Problems like this are exactly why I don't understand why the mount uses
civil time at all.
>>

I doesn't use civil time, it uses universal time, but most people don't have
access to this number, so me made it so that they can input their local time,
and calculate the universal time from it. I don't understand the problem? Do
you think this makes the pointing accuracy less? I can assure you that it
does not for the vast majority of users. Even if you told the mount you were
in Australia, you would still find every star and deepsky object in your
eyepiece.

Roland Christen


Terry R. Friedrichsen <terry@...>
 

Yes, of course, but "civil time" is not accurate when it comes to stellar
time. Civil time can be off by as much as 1/2 hour ...
And, as you pointed out, it can get even worse. Thanks to the "first dawn
of Y2K" flap back on January 1, there is an uninhabited island out in the
Pacific that's something like *5 hours* ahead of mean solar time. (So it
is logically west of the International Date Line even though it is physic-
ally way *east* of the International Date Line, which made the sunrise that
should have been the morning of December 31 became the morning of January
1, by fiat.)

Problems like this are exactly why I don't understand why the mount uses
civil time at all.

(There are lots of fun facts about timezones codified in the Unix zoneinfo
files. Have you ever heard of "Pacific Presidential Election Time"? Or
didjuh know that Hawaii observed Daylight Savings Time for *one day* in
1933?)



There is no way
around, except to adjust the time zone and clock time to correspond to
what is actually happening on the sky.
If you're using civil time, yes. I just find it odd that the mount would
have anything to do with civil time at all, when latitude/longitude/GMT
solves all these problems, including meridian swap.



That is fixed by your initial synchronization on a known star.
So if I understand what you're saying here, you tell the mount the civil
time, which it uses to compute when to do the meridian swap. Synchro-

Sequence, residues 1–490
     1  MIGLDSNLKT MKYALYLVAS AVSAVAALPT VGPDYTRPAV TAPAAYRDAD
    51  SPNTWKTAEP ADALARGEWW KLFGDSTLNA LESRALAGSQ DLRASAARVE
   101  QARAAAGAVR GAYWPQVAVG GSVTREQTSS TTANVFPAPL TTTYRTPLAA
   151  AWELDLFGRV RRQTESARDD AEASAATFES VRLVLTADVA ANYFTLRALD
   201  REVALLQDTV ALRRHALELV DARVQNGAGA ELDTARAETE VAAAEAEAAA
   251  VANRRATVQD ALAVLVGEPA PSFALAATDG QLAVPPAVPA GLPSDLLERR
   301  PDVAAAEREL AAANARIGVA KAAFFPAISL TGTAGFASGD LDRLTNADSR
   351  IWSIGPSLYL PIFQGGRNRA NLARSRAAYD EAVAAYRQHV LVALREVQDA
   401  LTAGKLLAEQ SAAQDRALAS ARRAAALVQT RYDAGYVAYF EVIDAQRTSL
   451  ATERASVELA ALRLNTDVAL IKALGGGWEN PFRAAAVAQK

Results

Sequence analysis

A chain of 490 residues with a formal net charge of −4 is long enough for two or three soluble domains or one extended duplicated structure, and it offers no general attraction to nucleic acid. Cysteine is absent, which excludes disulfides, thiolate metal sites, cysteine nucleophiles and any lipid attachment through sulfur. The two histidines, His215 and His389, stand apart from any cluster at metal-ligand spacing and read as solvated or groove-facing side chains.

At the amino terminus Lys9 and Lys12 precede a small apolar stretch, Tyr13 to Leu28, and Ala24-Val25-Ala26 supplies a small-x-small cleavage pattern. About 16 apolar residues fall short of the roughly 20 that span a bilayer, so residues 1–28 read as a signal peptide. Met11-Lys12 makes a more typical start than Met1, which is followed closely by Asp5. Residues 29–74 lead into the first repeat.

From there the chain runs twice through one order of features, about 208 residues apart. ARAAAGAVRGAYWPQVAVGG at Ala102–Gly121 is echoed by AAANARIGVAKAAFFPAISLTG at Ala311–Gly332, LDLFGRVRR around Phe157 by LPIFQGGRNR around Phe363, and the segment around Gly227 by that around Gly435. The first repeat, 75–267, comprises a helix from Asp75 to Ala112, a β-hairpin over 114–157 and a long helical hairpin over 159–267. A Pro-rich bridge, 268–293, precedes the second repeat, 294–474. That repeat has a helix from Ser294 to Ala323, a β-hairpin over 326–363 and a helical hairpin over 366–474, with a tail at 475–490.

nizing on a known star then tells the mount how it is oriented relative
to the sky, and it goes from there.

This raises LOTS more questions, but I'm gonna wait for my mount to get
here so I can absorb the manual before asking ...

Thanks for the response.

Terry R. Friedrichsen

terry@venus.sunquest.com


Terry R. Friedrichsen <terry@...>
 

it uses universal time, but most people don't have
access to this number, so me made it so that they can input their local
time, and calculate the universal time from it.
Sounds like a good idea to me.



I don't understand the problem? Do
you think this makes the pointing accuracy less? I can assure you that it
does not for the vast majority of users.
I was simply confused because the original question on this thread was about
inaccuracy in locating the planets and the suggested fix was to change the
timezone. I wanted to understand how that would fix the problem.

I still don't understand the bit about "for the vast majority of users", but
I'm willing to wait for my mount and manual ...

Terry R. Friedrichsen

terry@venus.sunquest.com


Roland Christen
 

In a message dated 8/17/00 9:10:32 PM Central Daylight Time,
terry@venus.sunquest.com writes:

<<
I was simply confused because the original question on this thread was about
inaccuracy in locating the planets and the suggested fix was to change the
timezone. >>

Of course, you have to understand that the planets move from hour to hour,
and will be off slightly if the wrong time has been entered. They are also in
slightly different locations with respect to the background stars depending
on time and location on the earth. This is especially so for the Moon. We
have checked and triple checked our planetary positions against other
standards and against The Sky software, and are within 30 to 60 arc seconds
in position.

Roland Christen